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L'ECLUSE Canton of Céret, Pyrénées-Orientales, France.

Imposing fortifications of the Late Empire, now covered with vegetation. They stand on either side of the L'Ecluse defile, which is the only route leading to the Perthus pass—the lowest of the E Pyrenees—and the route of the great Roman road that joined Gaul with Spain. The structures, large, strong, and preserved to a relatively great height, consist of curtainwalls, towers, barracks, and a cistern. They extend on the E side of the valley (right bank of the Rom) to the hamlet of L'Ecluse-Haute, and on the left bank to the hill called Château des Maures. The road, which is cut into the rock, follows the bottom of the defile, skirting the stream. At the fortified point it cuts between two walls which are designed to carry portcullises to block it. Recent soundings in some of these structures have uncovered ceramics characteristic of the Late Empire. This fortified ensemble (clausurae), which was placed at the easiest place to watch and defend (not at the Perthus pass itself but at the last mountainous passage before the plain of Roussillon), was intended to control the passage of travelers, impose tariffs on merchants, and even check the advance of invaders. Efforts were made here to prevent passage during the troubled times of the Late Empire and the Early Middle Ages.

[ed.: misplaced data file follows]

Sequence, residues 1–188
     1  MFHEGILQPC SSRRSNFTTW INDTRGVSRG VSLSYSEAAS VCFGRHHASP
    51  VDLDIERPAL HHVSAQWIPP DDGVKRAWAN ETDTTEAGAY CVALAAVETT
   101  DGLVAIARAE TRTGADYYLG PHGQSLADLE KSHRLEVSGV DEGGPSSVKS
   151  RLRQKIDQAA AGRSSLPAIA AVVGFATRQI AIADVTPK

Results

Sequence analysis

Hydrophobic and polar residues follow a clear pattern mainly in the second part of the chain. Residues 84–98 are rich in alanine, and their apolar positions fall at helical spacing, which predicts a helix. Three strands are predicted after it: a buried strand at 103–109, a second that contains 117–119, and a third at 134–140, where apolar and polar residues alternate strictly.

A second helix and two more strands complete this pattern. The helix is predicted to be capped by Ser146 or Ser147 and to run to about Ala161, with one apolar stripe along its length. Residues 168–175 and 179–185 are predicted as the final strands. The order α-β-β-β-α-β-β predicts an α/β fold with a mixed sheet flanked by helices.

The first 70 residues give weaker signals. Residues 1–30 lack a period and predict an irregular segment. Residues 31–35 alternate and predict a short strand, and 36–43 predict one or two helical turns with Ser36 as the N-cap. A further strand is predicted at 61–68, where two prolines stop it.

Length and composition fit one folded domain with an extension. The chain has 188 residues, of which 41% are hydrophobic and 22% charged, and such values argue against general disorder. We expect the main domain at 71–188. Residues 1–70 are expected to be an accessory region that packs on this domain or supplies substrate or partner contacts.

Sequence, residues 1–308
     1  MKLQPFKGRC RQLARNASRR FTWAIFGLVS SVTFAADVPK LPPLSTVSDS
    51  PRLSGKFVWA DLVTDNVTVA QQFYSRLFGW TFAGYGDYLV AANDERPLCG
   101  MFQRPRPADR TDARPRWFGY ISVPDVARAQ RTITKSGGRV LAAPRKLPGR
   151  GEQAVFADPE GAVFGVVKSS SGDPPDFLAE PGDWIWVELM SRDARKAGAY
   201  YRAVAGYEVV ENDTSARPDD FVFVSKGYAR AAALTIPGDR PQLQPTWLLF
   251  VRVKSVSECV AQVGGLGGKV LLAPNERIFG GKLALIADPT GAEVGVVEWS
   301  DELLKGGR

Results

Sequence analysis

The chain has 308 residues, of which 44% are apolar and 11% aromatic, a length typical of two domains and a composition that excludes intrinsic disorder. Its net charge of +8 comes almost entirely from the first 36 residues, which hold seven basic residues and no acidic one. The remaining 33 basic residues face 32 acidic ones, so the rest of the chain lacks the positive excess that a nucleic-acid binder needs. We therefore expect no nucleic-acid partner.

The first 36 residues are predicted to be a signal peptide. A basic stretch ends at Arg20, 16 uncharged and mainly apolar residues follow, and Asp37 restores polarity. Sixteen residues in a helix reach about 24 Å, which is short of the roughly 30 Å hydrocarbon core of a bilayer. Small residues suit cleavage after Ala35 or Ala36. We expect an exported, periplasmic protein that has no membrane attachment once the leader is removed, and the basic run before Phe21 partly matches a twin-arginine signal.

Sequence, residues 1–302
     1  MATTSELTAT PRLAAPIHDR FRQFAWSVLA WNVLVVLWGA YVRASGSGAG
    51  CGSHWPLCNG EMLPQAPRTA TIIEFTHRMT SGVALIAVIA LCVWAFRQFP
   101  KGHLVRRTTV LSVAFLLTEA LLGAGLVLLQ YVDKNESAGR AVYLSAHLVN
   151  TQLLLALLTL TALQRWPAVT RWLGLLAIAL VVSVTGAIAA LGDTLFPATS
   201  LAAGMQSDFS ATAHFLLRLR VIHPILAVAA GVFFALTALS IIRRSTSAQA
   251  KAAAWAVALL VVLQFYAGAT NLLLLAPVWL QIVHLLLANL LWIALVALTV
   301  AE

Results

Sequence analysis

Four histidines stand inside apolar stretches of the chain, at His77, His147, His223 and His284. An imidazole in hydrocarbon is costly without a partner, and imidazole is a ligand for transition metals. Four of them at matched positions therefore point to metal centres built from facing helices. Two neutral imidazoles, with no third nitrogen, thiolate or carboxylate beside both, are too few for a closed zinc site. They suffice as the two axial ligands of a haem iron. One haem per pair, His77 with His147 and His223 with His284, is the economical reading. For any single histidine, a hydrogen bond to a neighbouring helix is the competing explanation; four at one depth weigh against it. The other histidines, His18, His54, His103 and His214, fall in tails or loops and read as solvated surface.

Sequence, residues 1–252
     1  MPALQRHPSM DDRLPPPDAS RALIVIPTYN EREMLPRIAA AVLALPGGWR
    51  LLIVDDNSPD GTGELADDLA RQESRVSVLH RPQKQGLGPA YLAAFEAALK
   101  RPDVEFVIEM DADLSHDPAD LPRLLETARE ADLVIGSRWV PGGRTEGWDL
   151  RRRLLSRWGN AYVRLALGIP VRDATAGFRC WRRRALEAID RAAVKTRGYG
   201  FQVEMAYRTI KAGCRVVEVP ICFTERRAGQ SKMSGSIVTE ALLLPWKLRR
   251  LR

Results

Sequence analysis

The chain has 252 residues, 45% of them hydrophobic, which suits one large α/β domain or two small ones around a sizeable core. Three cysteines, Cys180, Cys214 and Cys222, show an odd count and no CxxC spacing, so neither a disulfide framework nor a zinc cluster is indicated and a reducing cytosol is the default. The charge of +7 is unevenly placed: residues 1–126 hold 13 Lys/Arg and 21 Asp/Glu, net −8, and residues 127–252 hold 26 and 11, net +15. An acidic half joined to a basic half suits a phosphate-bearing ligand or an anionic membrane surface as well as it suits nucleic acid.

E. Espérandieu, Répertoire archéologique des Pyrénées-Orientales (1936) 34; “Informations,” Gallia 22 (1964) 473; 24 (1966) 449I; 27 (1969) 381.


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